Applying for a mortgage used to be easy: You'd complete an application and the lender would pull your credit score. More often than not, you'd be approved.
But nowadays, lenders require paperwork that documents every facet of your financial life: taxable income, assets, rent payments and more.
And there's no escape. Every borrower must survive what mortgage specialist Joe Metzler describes as "the flaming hoops of loan underwriting."
"Even if you are the most perfect (borrower), expect that you might still get singed going through," says Metzler, who heads Mortgage Unlimited, in St. Paul, Minn.
Four mortgage professionals offer the following list of items you may need to document income.
Paycheck stubs, W-2sLoan guidelines typically specify one month of verified income. You can prove this with paycheck stubs. Employees paid electronically may be able to access a corporate website to print out paycheck stubs.
Guidelines typically require the most recent Form W-2, but some borrowers are asked for two years of W-2s.
"If your loan hasn't closed by the time that new W-2s should be received by the employees, then (the lender) may ask for that, certainly," says Julie Miller, a sales manager at Prospect Mortgage, in Irvine, Calif.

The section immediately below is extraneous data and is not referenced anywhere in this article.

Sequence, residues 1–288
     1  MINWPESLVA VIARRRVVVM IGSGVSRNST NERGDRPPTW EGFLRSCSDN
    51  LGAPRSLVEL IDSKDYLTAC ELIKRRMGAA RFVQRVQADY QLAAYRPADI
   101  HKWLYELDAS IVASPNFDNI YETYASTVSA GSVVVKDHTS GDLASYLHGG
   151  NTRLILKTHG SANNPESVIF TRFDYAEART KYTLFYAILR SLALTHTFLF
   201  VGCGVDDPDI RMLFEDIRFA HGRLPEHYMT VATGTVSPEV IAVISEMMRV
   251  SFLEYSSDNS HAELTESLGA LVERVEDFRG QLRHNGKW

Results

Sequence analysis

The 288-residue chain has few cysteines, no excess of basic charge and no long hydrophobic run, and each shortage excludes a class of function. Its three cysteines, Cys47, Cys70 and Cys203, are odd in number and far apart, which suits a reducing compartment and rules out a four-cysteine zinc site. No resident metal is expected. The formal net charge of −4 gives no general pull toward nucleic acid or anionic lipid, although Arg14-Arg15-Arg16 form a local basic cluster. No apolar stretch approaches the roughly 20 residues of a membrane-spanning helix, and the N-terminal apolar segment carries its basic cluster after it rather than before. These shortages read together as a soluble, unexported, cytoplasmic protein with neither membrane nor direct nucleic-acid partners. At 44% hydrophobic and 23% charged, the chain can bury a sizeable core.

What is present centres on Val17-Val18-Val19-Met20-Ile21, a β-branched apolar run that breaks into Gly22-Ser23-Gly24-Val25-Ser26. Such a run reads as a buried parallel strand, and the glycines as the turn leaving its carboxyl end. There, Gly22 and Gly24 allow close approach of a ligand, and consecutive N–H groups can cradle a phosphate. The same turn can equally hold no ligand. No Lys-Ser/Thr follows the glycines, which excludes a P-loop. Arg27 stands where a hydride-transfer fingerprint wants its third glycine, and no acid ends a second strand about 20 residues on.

Bank, investment and tax documentsBorrowers generally must supply bank and investment account statements for the last 30 days. An application for a jumbo loan could trigger a request for up to three months of statements.
In the past, only self-employed borrowers who went through full underwriting typically were required to present income tax returns. Today, almost everyone is expected to provide a recent tax return, including all the pages and schedules.
Borrowers also must sign IRS Form 4506-T, which allows the lender to get a transcript of the tax return from the IRS. This practice "has become an industry standard as fraud prevention," says Brad Blackwell, national sales manager at Wells Fargo Home Mortgage.
Tax returns are scrutinized for unreimbursed employee business expenses, self-employment business losses and telltale signs of loan fraud, such as reported income that doesn't match an employee's W-2.
Don't try to amend a prior year's tax returns to show more income. That's now a no-no.